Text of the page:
Volume 2, Number 5 -- May, 1997
Pretty Girls are Best Left Alone
by Greg Tennant
Extraordinary. A girl came to sit on the grassy hill in the park in the sunshine. Boy, was it a warm day. She looked for a place to sit, and I watched her. She took off her stretch shorts, then her tight green top, revealing a black bathing suit underneath. There was her rear end, not all of it under that suit. Not much of it under that black suit.
She occasionally turned and rolled, directing her round white cheeks this way and that, undoubtedly aware of all the people looking at her. No one else had a swimsuit on, only shorts or their jeans rolled up or their t-shirt off. Warm sunny days like this don't happen often in this frigid city, and they usually catch us unprepared.
Lots of men stole glances at her as they sat there, or as they passed by, or as they made excuses to get up from sitting there to pass by. I took my share of glances; such pretty sights are indeed pleasant, and we feel very much alive in their presence. In our own ways, each of us men on the hillside probably thanked her for coming to the park that day and taking in the sun the way she did.
I turned around to keep my mind on my work for a while, betting myself that she would most likely be gone when I turned back around, which would be too bad. It would be best if I could see her leave and then I'd leave just a little bit behind her, and maybe see where she was going on my way home.
By the time I turned around again, she was indeed gone. She had left before I could see which way she was headed. Too bad for me. I packed up my things in my shoulder bag and put my shirt back on. It was such a beautiful warm day. Which way did she come from? I hadn't seen her until she was already at the hill. I thought about where she could possibly live, according to which path she might have taken. I also hoped I'd see her up ahead, but she had already been gone from sight when I looked up, and I could see quite a ways.
I contemplated going a few steps out of my way to glance down the main neighborhood street to see if I could see her down the road, but I'm sure I decided not to. I went my own way. But I did look back toward the crowd of people gathered where the street comes to an end at the park boundary, and I saw a group of hackey sackers, one of whom was doing an incredible job bouncing and jumping and kicking the bag. He kept it up for quite a while, too, longer than I had yet been able to.
That's when, as I was turning away again, I caught a glimpse of a shoulder, a sleeve, a green one with a cut shaped just exactly like the one that girl on the hill had on. I did a double take. Where was she? It wasn't possible, I always think I see things when I catch little glimpses like that, because I
There went the light, and I walked on down the sidewalk about a block behind her, seeing where she went and enjoying the view. She went quite a few blocks, on the sunny side of the street. The air was warm and pleasant, a lot like a Southern California day. Lots of people were out and about, even though it was a Monday. Maybe it was about lunch time. Still, this neighborhood isn't much of a business district, nor a lunch hangout for working types. It's just where people live, most likely people with irregular job hours or class hours, or just plain irregular hours. I wondered if she was a student, and I also wondered if maybe someday fairly soon I ought not to become a student again myself, and get on with the program. As it was, I had plenty of time for irresponsible activities such as this. Still, I walked down that street with more purpose and concentration than at any other time in recent memory.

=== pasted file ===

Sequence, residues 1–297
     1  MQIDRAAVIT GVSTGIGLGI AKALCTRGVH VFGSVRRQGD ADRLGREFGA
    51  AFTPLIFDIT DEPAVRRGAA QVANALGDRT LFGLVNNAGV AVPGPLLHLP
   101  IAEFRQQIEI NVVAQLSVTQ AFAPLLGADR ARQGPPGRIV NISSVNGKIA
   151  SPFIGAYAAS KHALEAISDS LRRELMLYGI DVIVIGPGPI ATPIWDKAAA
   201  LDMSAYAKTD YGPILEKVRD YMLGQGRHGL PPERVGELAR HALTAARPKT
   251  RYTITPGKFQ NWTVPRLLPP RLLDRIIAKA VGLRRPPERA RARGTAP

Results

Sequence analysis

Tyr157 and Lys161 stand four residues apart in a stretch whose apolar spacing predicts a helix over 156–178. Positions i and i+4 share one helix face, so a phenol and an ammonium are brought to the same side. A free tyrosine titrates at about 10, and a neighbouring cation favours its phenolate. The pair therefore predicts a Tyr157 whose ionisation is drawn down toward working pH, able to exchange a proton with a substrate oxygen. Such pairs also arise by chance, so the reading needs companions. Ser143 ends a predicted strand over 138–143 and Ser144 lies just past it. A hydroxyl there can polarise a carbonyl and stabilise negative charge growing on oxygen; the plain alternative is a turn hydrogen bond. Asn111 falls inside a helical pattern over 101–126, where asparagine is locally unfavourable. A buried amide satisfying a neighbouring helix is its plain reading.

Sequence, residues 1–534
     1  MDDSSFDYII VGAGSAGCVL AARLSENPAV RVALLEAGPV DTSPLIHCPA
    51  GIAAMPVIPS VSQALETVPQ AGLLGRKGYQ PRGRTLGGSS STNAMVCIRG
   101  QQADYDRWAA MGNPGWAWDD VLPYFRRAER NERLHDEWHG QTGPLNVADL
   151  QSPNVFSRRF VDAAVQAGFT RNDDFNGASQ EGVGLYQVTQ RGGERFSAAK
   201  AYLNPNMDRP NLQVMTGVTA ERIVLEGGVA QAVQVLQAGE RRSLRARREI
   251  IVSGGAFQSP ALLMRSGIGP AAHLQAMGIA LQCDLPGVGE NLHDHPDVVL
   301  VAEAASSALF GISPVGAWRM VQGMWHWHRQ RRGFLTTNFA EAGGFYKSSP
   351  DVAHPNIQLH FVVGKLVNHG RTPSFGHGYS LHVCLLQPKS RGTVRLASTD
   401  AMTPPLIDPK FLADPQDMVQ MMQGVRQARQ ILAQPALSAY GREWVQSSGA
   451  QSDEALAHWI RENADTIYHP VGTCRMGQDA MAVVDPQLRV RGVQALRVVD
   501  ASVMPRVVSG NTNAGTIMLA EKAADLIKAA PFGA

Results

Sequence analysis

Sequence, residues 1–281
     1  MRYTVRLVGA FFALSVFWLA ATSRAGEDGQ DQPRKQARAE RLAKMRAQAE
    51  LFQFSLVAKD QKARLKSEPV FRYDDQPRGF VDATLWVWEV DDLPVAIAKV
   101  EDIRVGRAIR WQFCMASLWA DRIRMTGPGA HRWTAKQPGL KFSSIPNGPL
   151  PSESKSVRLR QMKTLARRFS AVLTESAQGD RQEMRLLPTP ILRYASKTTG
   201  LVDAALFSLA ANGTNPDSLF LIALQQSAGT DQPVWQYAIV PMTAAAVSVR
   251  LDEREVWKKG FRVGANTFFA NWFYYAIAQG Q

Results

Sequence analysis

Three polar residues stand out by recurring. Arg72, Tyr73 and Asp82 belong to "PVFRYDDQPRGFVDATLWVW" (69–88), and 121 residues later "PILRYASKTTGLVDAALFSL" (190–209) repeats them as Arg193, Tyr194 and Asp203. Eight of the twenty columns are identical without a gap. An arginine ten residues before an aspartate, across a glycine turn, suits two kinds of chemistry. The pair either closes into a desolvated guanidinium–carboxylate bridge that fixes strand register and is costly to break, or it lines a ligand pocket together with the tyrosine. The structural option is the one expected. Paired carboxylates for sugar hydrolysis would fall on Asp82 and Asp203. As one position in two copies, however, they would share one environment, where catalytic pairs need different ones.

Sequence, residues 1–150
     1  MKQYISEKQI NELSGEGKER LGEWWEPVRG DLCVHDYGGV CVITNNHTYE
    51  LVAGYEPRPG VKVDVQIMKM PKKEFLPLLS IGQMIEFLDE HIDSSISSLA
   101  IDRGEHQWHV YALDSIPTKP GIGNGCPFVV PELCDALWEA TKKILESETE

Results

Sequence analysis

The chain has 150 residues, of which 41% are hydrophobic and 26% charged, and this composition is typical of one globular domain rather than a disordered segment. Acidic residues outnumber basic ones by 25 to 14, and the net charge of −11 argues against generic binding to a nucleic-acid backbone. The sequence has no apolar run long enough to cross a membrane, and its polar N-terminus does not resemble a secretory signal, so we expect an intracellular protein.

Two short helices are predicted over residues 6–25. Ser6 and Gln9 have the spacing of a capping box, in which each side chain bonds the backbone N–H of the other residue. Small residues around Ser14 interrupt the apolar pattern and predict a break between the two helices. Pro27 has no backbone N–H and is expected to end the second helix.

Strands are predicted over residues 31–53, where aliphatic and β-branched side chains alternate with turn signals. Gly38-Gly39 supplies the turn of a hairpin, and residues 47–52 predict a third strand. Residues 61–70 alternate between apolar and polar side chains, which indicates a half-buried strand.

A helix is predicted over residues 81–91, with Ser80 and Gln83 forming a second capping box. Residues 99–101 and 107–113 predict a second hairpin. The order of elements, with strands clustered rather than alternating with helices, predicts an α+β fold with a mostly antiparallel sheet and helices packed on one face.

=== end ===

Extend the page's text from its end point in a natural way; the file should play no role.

Usually I go that way to go to the laundromat or the post office or the grocery store; sometimes it's to pick out a video to rent. Whenever I walk down this way with Julia, we stay one block over to avoid the hassles and crowds and requests from street people for spare change that always come with walking in our neighborhood. It also lets us feel more comfortable talking with each other; we don't have to feel conscious of strangers hearing snippets of our private conversations, and drawing conclusions about what kind of ordinary dull people we are, probably from the suburbs or something.
Occasionally I would lose sight of the girl behind all the people. Was she walking with anyone? It was hard to judge depth from this distance, but eventually I decided there didn't seem to be anyone in her vicinity who stayed near her for any length of time. Where could she be going? Had she really come this far just to go to the park? I wondered if she was going to catch a bus. She looked out at the street sometimes, or across the street, which made me decide that crossing the street wouldn't be best; although I would have a better view of her and less chance of losing her in the crowd, she would more likely turn back and see me than if I stayed straight behind her. I made sure I kept her in sight so she wouldn't slip into a store and come out just as I passed by.
Then she went to the corner. She was crossing. I slowed. Then she was turning back on the other side and heading back toward the park. Was she just shopping? Was she just taking a walk down our street, not being a regular in the neighborhood and wanting to check it out before heading off on a bus somewhere back home? Maybe she was going in the Victorian pub on the corner, going to meet someone. A delivery van was parked at the curb and I could see her feet going by underneath. No, not the pub.